Intraoperatively, under brachial plexus block, severe adhesion and scar formation were observed around the flexor tendon. Further, the patient presented with digital nerve swelling and scar formation which can result in traction neuritis. Digital nerve neurolysis, flexor pollicis longus tenolysis, and radial sesamoidectomy were performed, and the patient immediately recovered her passive full range of motion of the MCPJ. The resected bone presented with an extremely sharp and decorticated, denuded surface, and it might present as a fracture and malunion of the sesamoid bone (Fig. 3). After 7 days postoperatively, early rehabilitation program was started, the compliance in rehabilitation was fine.
At 6 months postoperatively, stiffness, and contracture were observed in the MCPJ. The range of motion of the MCPJ was almost at 5°. Severe flexor adhesion and volar plate contractures were noted on ultrasonography. Therefore, tenolysis and volar plate release were performed under wide-awake anesthesia. After the volar plate release, there were small defects on the volar plate. The dorsoradial adipofascial flap was used to prevent the secondary healing of volar plate defects. Full active flexion of the MCPJ and mild extension lag of the interphalangeal joint of thumb were achieved (Fig. 4).
The postoperative course was fine. The patient received a continuous and passionate rehabilitation program. At 6 months after the second surgery, the range of motion of the MCPJ improved (0°–35° for actively, 0°–55° for passively), and the patient resumed activities of daily living without other complications (Fig. 5).


The locked MCPJ of the thumb has been rarely reported previously. Tendon and joint problems are the two possible main pathologies of locked MCPJ. Locked joints are more likely to be caused by joint rather than tendon pathologies. Severe trigger thumb is the main tendinopathy causing locked joint, and arthritic change of the MCPJ and sesamoid entrapment are primary joint problems associated with the condition. Sesamoid pathology has been found to be related to the locking of the MCPJ of the thumb, and it requires strong hyperextension forces with traction and rotation forces of the MCPJ of the thumb [5,6]. Trigger thumb, known as stenosing flexor tenosynovitis of the A1 pulley, can cause locking of the thumb, swelling, and thickened flexor tendon entrapment through the A1 pulley [7].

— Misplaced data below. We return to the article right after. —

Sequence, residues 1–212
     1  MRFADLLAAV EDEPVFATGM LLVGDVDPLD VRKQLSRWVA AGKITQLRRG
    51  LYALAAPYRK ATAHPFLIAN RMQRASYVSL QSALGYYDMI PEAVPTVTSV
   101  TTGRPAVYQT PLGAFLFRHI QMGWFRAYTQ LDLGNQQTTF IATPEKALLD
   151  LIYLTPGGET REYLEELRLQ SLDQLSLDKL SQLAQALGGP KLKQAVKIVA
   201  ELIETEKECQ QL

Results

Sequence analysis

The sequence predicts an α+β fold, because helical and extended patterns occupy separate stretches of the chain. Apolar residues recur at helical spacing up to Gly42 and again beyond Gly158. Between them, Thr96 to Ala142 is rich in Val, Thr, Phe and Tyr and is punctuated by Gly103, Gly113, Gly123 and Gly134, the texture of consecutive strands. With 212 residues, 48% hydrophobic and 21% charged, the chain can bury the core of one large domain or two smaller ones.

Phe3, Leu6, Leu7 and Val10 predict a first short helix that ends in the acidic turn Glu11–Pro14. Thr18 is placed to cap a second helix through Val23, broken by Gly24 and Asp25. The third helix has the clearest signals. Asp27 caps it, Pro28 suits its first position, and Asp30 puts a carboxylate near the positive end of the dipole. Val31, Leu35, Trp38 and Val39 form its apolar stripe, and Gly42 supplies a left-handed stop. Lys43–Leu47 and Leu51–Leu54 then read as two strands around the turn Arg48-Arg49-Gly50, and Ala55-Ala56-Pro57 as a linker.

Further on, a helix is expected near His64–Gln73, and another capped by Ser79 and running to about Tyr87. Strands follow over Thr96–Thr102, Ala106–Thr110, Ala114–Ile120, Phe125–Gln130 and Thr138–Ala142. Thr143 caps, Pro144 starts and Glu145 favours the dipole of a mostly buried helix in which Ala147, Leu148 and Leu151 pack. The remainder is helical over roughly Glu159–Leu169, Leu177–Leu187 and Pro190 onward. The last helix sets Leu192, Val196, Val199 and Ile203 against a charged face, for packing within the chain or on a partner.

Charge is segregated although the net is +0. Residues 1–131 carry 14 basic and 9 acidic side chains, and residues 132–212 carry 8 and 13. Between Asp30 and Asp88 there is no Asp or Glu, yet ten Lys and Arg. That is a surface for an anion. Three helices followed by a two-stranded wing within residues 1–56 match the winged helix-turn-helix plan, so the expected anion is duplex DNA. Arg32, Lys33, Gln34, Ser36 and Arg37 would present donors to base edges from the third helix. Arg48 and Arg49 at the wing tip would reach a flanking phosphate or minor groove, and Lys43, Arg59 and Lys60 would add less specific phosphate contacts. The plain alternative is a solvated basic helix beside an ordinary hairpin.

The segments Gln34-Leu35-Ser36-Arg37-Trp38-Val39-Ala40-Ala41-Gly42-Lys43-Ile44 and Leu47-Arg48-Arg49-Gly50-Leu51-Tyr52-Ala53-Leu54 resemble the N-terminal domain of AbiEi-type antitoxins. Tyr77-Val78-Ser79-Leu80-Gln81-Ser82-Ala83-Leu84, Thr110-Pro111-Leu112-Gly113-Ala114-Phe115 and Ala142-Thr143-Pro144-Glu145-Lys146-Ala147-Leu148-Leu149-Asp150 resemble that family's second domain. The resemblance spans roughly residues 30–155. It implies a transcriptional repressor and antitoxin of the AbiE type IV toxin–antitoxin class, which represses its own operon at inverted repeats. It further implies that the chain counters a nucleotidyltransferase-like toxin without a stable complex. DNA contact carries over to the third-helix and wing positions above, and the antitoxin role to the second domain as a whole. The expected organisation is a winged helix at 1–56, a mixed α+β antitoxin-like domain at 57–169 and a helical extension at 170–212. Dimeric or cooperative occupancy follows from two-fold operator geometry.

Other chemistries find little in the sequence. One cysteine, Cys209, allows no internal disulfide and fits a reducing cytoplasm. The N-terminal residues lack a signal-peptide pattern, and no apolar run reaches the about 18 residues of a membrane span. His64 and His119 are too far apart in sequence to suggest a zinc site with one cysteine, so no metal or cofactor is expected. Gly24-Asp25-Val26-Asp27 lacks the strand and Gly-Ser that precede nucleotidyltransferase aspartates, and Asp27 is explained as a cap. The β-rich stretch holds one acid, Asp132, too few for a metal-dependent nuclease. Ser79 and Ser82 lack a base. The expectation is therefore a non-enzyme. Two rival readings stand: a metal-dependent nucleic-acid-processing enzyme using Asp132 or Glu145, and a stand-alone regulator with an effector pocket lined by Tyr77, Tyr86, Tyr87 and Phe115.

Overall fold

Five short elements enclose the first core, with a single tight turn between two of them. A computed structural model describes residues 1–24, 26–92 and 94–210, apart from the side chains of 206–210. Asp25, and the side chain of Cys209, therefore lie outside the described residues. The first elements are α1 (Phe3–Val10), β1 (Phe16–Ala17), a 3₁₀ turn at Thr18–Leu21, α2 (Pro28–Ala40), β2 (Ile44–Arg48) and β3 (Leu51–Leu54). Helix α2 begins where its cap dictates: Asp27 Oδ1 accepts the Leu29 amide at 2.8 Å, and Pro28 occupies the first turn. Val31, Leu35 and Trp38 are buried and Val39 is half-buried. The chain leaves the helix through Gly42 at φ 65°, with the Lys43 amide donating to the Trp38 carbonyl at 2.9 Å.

Trigger thumb with locked joint can be treated with A1 pulley release with tenosynovectomy, and the locked MCPJ can be treated with open reduction and ligament repair or sesamoidectomy. Some studies have shown that the quadrilateral-shaped metacarpal head was vulnerable to sesamoid entrapment, sesamoidectomy was recommended for quadrilateral-shaped metacarpal head (metacarpal groove-like depression). However, the indication for sesamoidectomy was not clearly established yet [6,8,9].